Robert Carr
Archaeologists uncovered nine circles that may have been residences of the Tequesta.

Illegal Decision Puts Tequesta Native Village Site Under Hotel

Christina Rose

One of the most well preserved Native villages in North America, where the Tequesta lived in Florida for 2,000 years, may soon be found beneath a luxurious hotel and entertainment center. The decision to go forward with the plan was approved behind closed doors and deemed illegal by some. In a two-day mediation, archaeologists, preservationists, and MDM Development agreed to enclose small portions of what remains of the largest ancient village ever found in Florida.

A complaint filed against the City of Miami by William J. Pestle, Ph.D., Assistant Professor, Department of Anthropology, University of Miami, states the mediation agreement is null and void, as it ignored Florida’s Sunshine Law, which requires certain government meetings remain open to the public. Pestle said the city commissioners invented this mediation process to exclude the public. “That was illegal,” he said. “The parties involved in the mediation were gagged from making any public comment, there were no minutes or any record at all; it’s peculiar. This stinks to heaven.”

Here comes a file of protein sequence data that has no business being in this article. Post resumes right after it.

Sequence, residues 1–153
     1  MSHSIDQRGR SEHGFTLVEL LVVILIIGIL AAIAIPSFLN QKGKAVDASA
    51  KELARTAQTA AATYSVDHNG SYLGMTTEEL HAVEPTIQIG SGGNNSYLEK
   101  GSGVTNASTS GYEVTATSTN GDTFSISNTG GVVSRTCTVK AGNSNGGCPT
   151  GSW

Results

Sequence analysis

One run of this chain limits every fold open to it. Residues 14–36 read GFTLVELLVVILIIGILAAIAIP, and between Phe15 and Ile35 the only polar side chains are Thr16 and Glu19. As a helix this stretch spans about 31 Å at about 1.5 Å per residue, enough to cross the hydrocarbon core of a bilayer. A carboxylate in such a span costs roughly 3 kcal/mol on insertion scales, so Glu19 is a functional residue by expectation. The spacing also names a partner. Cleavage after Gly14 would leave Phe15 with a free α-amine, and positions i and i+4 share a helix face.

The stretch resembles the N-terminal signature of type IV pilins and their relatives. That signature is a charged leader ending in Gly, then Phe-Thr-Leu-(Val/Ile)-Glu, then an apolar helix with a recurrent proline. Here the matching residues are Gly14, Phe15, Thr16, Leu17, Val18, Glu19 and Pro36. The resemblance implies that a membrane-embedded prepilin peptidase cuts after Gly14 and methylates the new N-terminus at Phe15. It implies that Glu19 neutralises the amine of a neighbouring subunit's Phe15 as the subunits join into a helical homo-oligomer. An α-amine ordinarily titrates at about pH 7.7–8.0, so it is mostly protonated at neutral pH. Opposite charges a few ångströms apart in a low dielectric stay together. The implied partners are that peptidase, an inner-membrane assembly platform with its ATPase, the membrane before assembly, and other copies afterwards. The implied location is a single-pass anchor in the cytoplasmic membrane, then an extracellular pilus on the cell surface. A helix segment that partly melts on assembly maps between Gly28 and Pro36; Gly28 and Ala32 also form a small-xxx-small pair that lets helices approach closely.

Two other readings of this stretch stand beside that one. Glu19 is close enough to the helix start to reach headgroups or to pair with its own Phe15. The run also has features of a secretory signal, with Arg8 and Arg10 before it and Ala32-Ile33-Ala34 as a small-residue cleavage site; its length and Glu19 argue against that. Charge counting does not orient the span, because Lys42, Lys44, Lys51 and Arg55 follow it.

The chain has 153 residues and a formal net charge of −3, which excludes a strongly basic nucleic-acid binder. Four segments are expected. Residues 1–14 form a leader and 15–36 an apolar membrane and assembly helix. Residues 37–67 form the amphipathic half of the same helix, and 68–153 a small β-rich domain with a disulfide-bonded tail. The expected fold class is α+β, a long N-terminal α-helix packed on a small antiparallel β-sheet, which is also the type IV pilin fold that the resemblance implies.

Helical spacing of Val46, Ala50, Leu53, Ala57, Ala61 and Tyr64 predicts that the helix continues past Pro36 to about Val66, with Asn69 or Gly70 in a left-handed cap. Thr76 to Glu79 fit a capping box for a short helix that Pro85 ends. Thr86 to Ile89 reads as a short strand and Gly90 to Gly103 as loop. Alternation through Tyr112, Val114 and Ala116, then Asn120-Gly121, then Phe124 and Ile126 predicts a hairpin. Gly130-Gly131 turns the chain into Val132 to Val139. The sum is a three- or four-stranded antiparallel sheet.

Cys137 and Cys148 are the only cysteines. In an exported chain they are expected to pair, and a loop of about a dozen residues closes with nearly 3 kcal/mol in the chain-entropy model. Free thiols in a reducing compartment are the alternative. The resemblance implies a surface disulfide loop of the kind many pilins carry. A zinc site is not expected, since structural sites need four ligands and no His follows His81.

Before the mediation, the Preservation Board continually ruled in favor of preserving the site, Pestle said. Ralf Brookes, Pestle’s attorney, said, “The Historic and Environmental Preservation Board meetings showed that public opinion was overwhelmingly in favor of preservation. This mediation process had no precedent, no legal basis, and… we allege violated Florida’s Sunshine Law.”

Lines and Circles were cut into the bedrock using tools made of shells. The lines may be remnants of raised boardwalks. (Robert Carr)

The Tequesta site, which is often referred to as “The Birthplace of Miami,” was situated where the mouth of the Miami River meets Biscayne Bay. Last fall, Robert S. Carr, executive director of the Archaeological and Historical Conservancy for Florida, began to uncover the nine circles ranging from 21 to 41 feet in diameter. The circles are comprised of hundreds of post holes that were cut into the limestone with shells. “They didn’t have metal tools, so they used conch shells to hollow out the holes. We made shell tools and they could actually cut stone,” Carr said.

RELATED: Historic Importance of Tequesta Village Site in Florida Becoming Clear


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